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Buying Ice Hockey Equipment


Ice hockey skates proved ankle support, protection against cuts from other skates, and should be comfortably sized. The steel runners on hockey skates should be sharpened regularly.

Helmets/Face Guards

Specially designed helmets fitted with face guards reduce the risk of head injury as a result of contacts with other players, the boards, or falls.

Mouth Guards

Mouth Guards protect the teeth, mouth, lips, tongue and jaw, and also help protect against head injurres, such as concussions


Ice hockey is a heavy contact sport, even in the women's game where body checking is not permitted. As a result, pads are required to cover most of the body. These pads include shoulder pads, gloves, elbow pads, shin pads with hockey stockings, chest pads, padded shorts, athletic supporters and cups for boys and neck guards.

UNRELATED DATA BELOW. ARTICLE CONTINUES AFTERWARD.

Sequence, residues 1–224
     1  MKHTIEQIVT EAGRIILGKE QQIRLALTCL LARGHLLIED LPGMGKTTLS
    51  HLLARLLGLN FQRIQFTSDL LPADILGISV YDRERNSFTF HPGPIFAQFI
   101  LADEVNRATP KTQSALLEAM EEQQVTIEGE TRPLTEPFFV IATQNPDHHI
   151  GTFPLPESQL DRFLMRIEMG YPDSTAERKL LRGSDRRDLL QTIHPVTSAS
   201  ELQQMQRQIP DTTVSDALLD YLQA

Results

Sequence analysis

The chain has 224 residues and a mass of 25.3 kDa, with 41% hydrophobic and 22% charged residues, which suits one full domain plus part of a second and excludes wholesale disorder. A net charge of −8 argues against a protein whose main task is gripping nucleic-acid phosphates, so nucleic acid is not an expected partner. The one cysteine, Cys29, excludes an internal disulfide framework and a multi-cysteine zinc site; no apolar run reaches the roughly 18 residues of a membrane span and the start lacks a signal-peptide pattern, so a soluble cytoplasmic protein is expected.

Hockey sticks range in size according to the player's height. Taller players should opt for longer sticks. The size and angle or curve of the blade can vary as well, allowing for different types of shots or puck handling abilities.


The puck is made out of rubber and is typically 1 inch wide by 3 inches in diameter, and weighs 6 ounces. There are heavier versions for training and smaller pucks for younger players available.

Goalie Equipment

Everything a goalie wears is more protective, and restrictive, than that of other players. Goalies utilize leg pads, larger helmets with greater neck protection, wider sticks, and a trapper or catching glove, which resembles a baseball first baseman¡¯s mitt. A blocking glove is worn on the hand holding the stick.

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